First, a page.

Following the FCC’s announcement last week of a plan to block U.S. carriers from using federal funds to purchase Huawei products or services — based on perceived national security risks — the Chinese networking giant today issued a statement broadly denying the security claims. In the statement, Huawei said security issues cited by the FCC “simply aren’t true,” and that the restriction will hurt rural mobile customers. The denial follows months of allegations from U.S. authorities that Huawei gear could be compromised by the Chinese government, imperiling consumers and upcoming 5G networks.
Describing itself as a “100 percent employee-owned company,” Huawei says that it poses “no security threat in any country” and that “no government agency has ever tried to intervene in our operations or decisions.” It also pointed to its 30-year track record as an equipment provider now “trusted in more than 170 countries and regions,” claiming that “not a single operator has experienced a security issue with our equipment.”
“We are disappointed by the FCC’s proposal,” the statement continues, noting that Huawei had hoped to help carriers extend wireless coverage to rural and underserved areas. “If adopted, rural operators will have fewer options available to them,” as will consumers and businesses. “U.S. authorities should not base major legislative decisions on speculation and rumor.”
The Chinese electronics company’s interest in U.S. expansion was met with unusually public government opposition this January, as legislators and agencies actively lobbied U.S. carriers to drop Huawei and ZTE products over security concerns. According to U.S. officials, the companies benefit from Chinese government investments and clandestine involvement; further, they allege that backdoors could permit Chinese government actors to monitor communications and potentially seize control of future 5G networks.
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After the heads of U.S. intelligence agencies took their concerns to foreign governments, Huawei used Mobile World Congress to call the claims “groundless,” but U.S. carriers and retailers have continued to drop the company’s products. As recently as today, Korean carriers were reportedly weighing the U.S. allegations in deciding whether to include Huawei gear when it comes to their 5G networks.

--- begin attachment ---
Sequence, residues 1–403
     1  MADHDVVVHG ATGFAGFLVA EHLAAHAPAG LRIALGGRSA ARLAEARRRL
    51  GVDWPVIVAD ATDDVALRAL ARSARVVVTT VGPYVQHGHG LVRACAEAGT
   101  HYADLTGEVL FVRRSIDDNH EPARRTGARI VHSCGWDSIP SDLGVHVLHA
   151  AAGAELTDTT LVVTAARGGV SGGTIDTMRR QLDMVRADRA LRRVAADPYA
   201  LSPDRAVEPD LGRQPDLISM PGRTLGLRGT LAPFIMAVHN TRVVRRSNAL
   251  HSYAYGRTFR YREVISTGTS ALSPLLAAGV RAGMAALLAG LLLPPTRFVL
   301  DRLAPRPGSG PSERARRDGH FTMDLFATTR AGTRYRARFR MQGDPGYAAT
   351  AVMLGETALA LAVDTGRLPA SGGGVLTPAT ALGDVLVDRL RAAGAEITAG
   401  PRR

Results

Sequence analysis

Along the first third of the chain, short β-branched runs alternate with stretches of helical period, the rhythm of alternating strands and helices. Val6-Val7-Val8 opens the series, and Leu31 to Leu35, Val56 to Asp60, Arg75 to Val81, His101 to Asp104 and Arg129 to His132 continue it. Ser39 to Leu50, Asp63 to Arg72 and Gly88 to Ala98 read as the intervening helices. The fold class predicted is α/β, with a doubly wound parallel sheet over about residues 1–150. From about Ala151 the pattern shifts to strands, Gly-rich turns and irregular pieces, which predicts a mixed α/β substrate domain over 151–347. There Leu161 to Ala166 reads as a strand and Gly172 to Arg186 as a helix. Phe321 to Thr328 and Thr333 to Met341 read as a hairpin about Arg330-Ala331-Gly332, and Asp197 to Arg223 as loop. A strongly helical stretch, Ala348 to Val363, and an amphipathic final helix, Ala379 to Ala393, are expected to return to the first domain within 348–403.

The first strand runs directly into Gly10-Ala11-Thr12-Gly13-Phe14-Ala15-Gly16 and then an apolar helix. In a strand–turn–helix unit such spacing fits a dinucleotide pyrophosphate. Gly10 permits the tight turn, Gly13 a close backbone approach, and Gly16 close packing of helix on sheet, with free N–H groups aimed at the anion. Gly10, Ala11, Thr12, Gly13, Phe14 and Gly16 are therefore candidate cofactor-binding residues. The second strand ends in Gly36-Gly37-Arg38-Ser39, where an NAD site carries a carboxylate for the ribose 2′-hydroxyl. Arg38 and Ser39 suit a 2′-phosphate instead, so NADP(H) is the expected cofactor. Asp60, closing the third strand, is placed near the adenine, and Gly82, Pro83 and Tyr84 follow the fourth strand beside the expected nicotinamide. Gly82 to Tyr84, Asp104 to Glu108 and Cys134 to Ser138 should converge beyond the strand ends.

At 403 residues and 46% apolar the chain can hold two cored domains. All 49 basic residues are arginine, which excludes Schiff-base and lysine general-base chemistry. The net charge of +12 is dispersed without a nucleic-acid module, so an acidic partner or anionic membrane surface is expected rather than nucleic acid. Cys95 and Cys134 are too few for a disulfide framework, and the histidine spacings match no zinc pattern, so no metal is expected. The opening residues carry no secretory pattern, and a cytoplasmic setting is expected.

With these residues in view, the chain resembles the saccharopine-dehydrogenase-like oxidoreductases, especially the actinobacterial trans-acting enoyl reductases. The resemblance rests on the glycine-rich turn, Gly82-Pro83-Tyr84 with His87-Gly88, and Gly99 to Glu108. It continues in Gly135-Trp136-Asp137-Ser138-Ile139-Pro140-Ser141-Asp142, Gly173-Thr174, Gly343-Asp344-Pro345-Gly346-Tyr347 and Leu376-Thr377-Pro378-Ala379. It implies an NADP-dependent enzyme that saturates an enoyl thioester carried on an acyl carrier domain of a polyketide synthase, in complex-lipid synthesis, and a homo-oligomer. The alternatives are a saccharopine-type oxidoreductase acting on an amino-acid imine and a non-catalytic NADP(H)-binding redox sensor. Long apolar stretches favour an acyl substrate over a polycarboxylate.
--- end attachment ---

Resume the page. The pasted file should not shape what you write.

Here is Huawei’s statement in full:
After 30 years of continuous investment, Huawei has taken the lead in a number of technological domains. This is a great source of pride for us. We work closely with partners across the entire global value chain. We are committed to growing together, engaging in healthy competition, and producing the best possible products and solutions for our customers. These efforts should be recognized, not met with baseless suspicion.
US authorities have made a series of allegations against Huawei that simply aren’t true. We pose no security threat in any country. Huawei is a 100% employee-owned company. No government agency has ever tried to intervene in our operations or decisions. US authorities should not base major legislative decisions on speculation and rumor. Our products and solutions are trusted in more than 170 countries and regions. In 30 years, not a single operator has experienced a security issue with our equipment. This includes US operators.
Today’s ICT industry relies on global supply chains. To meet the real challenges of global cybersecurity, we need collaboration across the entire ecosystem. Hostility and closed doors never solved anything.
Since entering the US market in 2001, Huawei has focused on providing local operators with innovative products and solutions. We help local operators extend network coverage to underserved rural areas and bridge the digital divide. We are disappointed by the FCC’s proposal. If adopted, rural operators will have fewer options available to them, and the consumers and businesses that depend on them will have less access to quality and convenient telecommunications services.
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